?For the fourth time in as many days, I steer up the steep, dusty driveway and see the same surly hounds, with ribs protruding and a dangerous glint in their eyes. I close the car door and walk briskly to the front of the house in the 100-degree heat, hoping I don't get nipped on the heels again, as I did yesterday.
This is what $110 an ounce gets you in Alabama.
When Kevin (not his real name) answers the door with a smile on his face, I know he must have good news. Yes, he saw "the guy," and yes, he was able to hook me up.
I'm not buying illicit narcotics--at least not by my definition, since I'm not looking for hard drugs like meth, coke, or heroin. I'm just trying to find some of the herbal medication recommended by my doctor back in Washington--which always seems to work, but isn't recognized as medicine here in Alabama, where I'm visiting family.
After years of becoming accustomed to getting my legal medicinal cannabis from dispensaries in Washington, it feels faintly ridiculous to revert to the black market. But nausea and pain from hepatitis C are strong motivators, which get stronger every day unless I use cannabis. Dignity semi-intact, here I am looking for the remedy.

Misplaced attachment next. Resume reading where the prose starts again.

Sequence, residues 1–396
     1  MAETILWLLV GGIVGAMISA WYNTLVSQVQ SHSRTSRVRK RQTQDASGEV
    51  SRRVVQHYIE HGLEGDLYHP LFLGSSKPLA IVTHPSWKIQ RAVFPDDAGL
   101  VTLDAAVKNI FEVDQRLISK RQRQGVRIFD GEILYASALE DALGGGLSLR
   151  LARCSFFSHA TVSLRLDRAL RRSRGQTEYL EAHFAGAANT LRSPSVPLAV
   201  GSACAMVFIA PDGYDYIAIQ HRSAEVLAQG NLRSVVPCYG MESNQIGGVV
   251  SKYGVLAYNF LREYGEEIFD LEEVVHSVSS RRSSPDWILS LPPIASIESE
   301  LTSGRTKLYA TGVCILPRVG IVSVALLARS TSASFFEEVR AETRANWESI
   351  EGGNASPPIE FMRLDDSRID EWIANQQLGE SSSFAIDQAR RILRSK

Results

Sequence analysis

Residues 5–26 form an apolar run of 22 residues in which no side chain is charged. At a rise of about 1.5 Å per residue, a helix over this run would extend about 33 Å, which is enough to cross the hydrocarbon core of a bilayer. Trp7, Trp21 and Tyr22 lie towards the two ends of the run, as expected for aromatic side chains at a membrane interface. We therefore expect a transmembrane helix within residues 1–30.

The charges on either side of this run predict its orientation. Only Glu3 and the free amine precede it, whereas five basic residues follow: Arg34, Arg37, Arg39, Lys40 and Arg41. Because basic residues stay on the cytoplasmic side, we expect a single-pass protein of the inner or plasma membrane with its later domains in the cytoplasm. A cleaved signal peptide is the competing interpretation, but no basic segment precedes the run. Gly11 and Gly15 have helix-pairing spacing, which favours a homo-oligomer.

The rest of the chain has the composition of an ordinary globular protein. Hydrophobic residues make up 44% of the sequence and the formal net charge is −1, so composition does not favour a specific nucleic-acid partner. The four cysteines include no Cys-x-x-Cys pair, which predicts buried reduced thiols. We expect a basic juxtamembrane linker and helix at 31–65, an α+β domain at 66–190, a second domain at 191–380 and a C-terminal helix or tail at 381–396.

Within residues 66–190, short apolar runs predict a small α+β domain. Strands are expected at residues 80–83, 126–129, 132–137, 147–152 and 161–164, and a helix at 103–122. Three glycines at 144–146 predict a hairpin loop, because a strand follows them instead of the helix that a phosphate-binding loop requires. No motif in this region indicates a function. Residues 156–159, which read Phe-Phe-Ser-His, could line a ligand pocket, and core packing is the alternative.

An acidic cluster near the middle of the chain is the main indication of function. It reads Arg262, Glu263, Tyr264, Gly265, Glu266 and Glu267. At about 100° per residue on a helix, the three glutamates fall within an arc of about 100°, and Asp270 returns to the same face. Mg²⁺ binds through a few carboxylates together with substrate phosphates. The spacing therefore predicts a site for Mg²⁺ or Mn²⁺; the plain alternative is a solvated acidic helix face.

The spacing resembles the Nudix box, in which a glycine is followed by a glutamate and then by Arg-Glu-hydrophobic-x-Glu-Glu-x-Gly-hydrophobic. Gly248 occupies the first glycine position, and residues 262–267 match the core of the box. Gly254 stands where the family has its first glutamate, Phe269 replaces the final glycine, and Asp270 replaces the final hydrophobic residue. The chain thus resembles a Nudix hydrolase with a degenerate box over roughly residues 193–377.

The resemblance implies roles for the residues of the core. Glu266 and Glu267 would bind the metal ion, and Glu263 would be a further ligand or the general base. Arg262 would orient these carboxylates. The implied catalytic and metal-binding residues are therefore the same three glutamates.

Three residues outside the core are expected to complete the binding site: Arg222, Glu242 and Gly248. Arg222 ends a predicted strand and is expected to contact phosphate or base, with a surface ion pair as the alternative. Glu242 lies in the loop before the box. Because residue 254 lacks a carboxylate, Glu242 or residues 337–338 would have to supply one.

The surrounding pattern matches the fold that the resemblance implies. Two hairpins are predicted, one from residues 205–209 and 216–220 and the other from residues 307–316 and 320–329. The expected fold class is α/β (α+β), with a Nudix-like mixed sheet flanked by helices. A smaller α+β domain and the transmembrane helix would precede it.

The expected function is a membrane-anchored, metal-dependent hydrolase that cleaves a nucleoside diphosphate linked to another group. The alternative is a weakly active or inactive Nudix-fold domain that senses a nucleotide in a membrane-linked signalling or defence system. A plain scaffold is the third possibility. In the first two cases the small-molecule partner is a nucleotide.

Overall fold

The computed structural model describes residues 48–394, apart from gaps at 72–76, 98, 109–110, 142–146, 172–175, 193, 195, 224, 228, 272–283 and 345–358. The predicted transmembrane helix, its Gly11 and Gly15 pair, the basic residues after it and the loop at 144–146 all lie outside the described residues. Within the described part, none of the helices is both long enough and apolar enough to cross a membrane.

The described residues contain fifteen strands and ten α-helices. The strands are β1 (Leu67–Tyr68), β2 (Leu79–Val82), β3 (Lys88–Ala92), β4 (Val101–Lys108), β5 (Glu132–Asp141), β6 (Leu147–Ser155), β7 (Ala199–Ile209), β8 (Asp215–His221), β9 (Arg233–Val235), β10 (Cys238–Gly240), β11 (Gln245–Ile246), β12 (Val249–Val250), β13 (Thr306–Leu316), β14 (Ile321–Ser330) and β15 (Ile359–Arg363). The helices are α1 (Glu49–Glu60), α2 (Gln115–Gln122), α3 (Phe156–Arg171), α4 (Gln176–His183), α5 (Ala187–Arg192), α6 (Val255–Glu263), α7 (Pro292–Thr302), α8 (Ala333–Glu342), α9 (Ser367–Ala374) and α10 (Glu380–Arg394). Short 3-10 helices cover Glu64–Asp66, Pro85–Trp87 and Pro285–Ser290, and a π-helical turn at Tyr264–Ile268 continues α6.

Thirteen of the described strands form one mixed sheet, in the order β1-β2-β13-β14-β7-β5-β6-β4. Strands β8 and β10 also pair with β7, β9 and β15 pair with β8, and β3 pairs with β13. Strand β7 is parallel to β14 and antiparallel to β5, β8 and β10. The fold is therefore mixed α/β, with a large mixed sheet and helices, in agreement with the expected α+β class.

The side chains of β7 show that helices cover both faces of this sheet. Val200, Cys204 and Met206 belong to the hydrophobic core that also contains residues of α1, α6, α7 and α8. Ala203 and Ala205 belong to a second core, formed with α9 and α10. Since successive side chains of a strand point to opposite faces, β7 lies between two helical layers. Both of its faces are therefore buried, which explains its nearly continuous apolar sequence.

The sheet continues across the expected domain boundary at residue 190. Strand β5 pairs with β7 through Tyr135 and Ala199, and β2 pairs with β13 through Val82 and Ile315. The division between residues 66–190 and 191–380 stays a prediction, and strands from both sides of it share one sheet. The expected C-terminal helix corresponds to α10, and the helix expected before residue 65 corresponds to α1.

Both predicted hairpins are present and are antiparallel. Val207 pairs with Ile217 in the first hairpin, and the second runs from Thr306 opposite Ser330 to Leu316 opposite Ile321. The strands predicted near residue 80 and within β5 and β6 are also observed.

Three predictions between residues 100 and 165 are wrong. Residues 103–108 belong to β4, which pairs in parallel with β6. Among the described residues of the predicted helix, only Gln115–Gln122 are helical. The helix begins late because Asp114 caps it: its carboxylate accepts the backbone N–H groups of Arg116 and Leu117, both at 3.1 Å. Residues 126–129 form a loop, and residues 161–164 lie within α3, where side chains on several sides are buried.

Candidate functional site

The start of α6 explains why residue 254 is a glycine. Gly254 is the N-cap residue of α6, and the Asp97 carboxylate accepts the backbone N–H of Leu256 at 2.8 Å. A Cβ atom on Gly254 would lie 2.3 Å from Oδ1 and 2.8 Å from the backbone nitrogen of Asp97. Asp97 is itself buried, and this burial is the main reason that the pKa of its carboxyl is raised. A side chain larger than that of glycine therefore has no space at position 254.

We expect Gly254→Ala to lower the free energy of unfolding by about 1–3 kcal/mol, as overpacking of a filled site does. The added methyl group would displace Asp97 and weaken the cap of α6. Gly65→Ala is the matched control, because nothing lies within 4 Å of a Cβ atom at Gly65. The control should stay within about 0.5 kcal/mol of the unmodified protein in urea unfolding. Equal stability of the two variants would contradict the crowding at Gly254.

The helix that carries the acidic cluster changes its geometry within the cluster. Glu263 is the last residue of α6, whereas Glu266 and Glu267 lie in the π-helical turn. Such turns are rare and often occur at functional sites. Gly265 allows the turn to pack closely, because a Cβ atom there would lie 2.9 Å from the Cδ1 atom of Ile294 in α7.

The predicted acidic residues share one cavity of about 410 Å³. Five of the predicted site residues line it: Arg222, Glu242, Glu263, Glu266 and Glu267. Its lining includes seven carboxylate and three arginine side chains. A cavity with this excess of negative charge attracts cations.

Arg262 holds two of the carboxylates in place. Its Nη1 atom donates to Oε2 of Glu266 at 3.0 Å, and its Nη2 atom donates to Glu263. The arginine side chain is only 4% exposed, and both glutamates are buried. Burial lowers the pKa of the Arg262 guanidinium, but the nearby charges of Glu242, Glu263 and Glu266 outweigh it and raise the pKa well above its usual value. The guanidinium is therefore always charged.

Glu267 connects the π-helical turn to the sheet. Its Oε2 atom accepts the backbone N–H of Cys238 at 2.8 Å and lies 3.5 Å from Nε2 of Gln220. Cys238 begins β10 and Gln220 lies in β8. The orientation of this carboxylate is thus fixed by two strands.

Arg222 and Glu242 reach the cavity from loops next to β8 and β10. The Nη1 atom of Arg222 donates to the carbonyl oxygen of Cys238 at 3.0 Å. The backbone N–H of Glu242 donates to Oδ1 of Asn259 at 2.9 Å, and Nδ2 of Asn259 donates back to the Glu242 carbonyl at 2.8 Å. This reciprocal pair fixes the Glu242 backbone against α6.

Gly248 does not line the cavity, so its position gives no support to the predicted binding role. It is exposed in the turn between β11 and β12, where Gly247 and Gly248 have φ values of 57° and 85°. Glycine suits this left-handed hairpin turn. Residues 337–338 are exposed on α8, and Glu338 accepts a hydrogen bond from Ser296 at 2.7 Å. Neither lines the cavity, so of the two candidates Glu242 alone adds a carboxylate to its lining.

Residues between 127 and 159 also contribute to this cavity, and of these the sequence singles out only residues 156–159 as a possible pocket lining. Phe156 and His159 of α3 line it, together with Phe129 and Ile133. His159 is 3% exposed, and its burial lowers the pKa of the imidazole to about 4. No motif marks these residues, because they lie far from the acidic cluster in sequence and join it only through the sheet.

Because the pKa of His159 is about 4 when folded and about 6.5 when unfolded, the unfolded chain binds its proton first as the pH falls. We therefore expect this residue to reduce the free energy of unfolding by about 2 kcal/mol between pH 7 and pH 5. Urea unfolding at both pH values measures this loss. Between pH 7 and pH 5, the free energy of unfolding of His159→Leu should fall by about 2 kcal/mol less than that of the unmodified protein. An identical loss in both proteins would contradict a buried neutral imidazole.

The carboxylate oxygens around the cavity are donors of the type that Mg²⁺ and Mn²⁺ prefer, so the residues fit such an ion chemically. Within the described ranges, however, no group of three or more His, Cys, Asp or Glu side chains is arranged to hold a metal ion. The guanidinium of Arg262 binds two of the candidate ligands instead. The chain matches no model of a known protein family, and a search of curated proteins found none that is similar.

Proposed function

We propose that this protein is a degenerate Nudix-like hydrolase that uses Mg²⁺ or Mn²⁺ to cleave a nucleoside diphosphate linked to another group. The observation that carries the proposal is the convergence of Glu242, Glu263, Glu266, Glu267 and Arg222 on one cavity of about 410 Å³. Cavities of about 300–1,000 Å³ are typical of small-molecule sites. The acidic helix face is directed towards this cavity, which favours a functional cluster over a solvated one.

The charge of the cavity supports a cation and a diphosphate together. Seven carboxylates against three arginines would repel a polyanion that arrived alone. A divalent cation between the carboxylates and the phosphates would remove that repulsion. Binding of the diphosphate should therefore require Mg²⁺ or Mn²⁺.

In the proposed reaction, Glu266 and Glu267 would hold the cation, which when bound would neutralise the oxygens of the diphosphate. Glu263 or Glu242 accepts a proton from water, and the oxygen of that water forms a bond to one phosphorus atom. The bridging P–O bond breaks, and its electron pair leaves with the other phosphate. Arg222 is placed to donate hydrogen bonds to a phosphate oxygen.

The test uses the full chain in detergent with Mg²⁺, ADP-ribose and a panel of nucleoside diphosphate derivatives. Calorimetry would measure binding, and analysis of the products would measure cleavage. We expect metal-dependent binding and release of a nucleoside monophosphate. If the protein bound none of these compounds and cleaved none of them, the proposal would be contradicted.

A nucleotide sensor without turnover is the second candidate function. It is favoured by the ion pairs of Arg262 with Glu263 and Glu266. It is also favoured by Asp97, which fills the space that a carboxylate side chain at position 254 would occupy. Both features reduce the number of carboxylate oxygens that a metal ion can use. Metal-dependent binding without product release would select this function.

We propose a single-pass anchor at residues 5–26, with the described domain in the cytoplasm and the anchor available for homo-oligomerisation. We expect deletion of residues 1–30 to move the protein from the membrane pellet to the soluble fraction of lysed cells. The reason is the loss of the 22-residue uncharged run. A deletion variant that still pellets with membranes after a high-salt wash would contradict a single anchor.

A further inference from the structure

?There's only one no-name strain to pick from, but at least it's not the brick Mexican schwag. The cannabis is $110 an ounce. That's less than half the typical dispensary price in Seattle, but it's also about half the quality too.
These young sativa buds were harvested a good three weeks before their peak.
That's the way it still is in Alabama, and that's the way it's been since the 1970s when pot became popular and swept the state. But the week after my four-day quest to find marijuana, I met with a group of activists who believe they'll make the Heart of Dixie the first state in the Deep South to allow the medicinal use of cannabis.
At their inaugural meeting, the Alabama Medical Marijuana Coalition and I discussed strategy. Co-presidents Chris Butts and Ron Crumpton don't just talk the talk--both men have lobbied extensively in the Alabama Legislature and are starting to tap into the old-boy network that is still necessary to get anything done in Alabama politics.
Ron, 44, treated back pain related to spinal stenosis with prescribed NSAIDS (non-steroidal anti-inflammatories) until they damaged his stomach so badly that last year one-third of it had to be removed. Having experienced the physical devastation that harsh pharmaceuticals can bring, he's now willing to risk Alabama's harsh pot laws and the black market to get the only relief that doesn't make him even sicker.
Ron had the opportunity to testify before a legislative committee last session. "I smoke four one-gram joints a day," he told the lawmakers. "If you want to make me stop, you'll have to come get me."
Steve Elliott edits Toke of the Town, Village Voice Media's site of cannabis news, views, rumor, and humor.
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